Britain's Prince William, left, and his wife Kate prepare to sit for a meal at Government House in Honiara, Solomon Islands, Sunday, Sept. 16, 2012. The royal couple is on a nine-day tour of the Far East and South Pacific in celebration of Queen Elizabeth II's Diamond Jubilee.
LONDON — Lawyers for Britain's royal family will go to court in France on Monday in a bid to stop further publication in that country of topless photos of William's wife Kate, the prince's office said Sunday, as the owners of an Irish newspaper criticized it for running the pictures.
St. James's Palace said lawyers would seek an injunction in a Paris court against Italian media group Mondadori, which publishes France's Closer and Italy's Chi gossip magazines.
The palace also will seek damages from the publisher, which is owned by former Italian Premier Silvio Berlusconi.
Last week Closer published paparazzi snaps of Kate, the Duchess of Cambridge, sunbathing during a holiday at a relative's chateau in Provence. Chi says it will publish 26 pages of the images — taken with a long lens from hundreds of meters (yards) away — on Monday.
The Irish Daily Star reproduced the Closer photos on Saturday, but no British publication has run them, and Britain's tabloids have lined up to denounce them as an invasion of the duchess' privacy.
The palace condemned publication of the images and said it was considering "all proportionate responses" against Chi, though no decision has been made on legal action against it or the Irish Daily Star.
The strong response stands in contrast to the reception of naked photos of Prince Harry partying in Las Vegas, which appeared online last month and were later published in Britain's Sun tabloid. The palace shrugged off the photos, snapped during a game of strip billiards, and took no action against those who published them.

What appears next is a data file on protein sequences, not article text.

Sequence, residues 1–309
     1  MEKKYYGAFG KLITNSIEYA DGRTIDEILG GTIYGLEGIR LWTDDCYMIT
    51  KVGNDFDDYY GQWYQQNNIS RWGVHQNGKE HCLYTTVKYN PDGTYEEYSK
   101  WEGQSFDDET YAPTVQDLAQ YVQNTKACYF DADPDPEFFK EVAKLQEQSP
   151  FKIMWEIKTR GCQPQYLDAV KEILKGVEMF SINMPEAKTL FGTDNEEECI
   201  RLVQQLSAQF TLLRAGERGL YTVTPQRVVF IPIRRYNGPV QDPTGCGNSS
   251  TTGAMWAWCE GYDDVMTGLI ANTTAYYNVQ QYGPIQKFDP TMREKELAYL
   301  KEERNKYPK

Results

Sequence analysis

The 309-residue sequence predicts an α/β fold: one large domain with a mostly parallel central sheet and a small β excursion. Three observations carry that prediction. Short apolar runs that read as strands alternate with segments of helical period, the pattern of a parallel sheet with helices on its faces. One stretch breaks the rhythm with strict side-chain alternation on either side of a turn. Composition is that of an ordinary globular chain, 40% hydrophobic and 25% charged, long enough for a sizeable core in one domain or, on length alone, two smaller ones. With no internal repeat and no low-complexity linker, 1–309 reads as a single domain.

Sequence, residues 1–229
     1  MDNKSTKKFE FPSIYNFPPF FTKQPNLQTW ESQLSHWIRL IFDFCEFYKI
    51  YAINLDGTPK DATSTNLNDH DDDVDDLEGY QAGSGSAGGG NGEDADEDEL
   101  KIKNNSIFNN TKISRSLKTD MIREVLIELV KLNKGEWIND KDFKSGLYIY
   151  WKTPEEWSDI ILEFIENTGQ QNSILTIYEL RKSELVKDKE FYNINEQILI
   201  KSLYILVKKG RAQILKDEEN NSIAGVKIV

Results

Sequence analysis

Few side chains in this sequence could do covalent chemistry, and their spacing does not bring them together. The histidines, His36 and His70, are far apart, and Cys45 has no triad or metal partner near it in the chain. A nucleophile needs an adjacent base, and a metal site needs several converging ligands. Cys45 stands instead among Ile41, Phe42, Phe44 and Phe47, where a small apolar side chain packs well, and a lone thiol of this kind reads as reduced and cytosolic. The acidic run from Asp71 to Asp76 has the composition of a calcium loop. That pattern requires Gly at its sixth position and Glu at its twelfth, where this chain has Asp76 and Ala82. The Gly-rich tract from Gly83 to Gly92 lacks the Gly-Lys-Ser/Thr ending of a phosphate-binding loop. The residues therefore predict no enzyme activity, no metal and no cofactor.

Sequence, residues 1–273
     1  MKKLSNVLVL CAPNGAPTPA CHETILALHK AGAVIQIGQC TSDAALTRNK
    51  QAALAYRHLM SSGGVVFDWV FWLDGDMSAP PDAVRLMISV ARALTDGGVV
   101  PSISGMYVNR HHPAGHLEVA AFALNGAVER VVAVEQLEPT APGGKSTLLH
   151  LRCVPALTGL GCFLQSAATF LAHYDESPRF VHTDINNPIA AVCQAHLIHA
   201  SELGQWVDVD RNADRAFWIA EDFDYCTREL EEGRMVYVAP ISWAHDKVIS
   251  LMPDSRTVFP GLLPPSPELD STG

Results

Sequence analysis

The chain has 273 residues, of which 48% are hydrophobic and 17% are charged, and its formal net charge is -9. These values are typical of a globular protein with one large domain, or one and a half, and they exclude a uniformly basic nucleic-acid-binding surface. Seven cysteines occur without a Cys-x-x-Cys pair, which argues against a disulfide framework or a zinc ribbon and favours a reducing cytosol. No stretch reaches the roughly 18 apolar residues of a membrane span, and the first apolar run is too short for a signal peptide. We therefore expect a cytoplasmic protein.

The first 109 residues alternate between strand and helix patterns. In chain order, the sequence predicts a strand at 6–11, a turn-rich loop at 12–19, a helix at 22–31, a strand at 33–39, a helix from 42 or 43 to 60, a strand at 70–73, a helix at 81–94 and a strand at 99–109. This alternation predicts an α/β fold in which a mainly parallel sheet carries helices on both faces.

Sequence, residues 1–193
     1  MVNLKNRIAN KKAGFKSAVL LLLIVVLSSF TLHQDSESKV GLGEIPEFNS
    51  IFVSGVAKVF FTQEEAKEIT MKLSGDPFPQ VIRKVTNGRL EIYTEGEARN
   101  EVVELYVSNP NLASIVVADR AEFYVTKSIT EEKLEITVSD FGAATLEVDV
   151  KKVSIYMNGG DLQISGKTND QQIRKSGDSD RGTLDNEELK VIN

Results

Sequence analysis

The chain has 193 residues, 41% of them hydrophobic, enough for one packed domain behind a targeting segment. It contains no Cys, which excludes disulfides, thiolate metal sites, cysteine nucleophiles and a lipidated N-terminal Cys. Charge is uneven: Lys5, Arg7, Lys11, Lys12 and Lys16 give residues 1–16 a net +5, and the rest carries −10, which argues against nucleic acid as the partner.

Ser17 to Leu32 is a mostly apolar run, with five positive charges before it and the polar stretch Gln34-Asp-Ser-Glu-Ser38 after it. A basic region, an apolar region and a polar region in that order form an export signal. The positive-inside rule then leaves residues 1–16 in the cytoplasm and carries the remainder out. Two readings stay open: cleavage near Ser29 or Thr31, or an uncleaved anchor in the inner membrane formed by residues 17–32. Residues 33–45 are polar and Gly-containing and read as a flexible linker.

Some see British papers' reluctance to run the Kate photos as a sign the country's once-rambunctious tabloids have been cowed by a scandal over phone hacking and other wrongdoing, which brought public opprobrium and an ongoing media-ethics inquiry.
The incident also has evoked memories of the paparazzi hounding of William's late mother, Princess Diana. A coroner's inquest found that pursuing photographers were partly responsible for her death in a Paris car crash in August 1997.
In bad news for the Irish Daily Star, both its owners criticized it for publishing the Kate photos.
British company Northern and Shell, which co-owns the tabloid with Ireland's Independent News and Media, or INM, said it was "profoundly dismayed" the Dublin newspaper had run the pictures. Its chief, Richard Desmond, said he planned to pull out of the joint venture that runs the tabloid.
Independent News and Media chief executive Joe Webb offered his "deepest apologies," and said the company would be "launching an internal inquiry to ensure there will never be a repeat of this breach of decency." But Webb said in a statement he hopes to preserve the Irish Daily Star and its 70 employees.
The storm over the photos erupted as William and Kate made an official tour of Singapore, Malaysia and the South Pacific. They arrived in the Solomon Islands on Sunday and will end their trip Tuesday in the island nation of Tuvalu.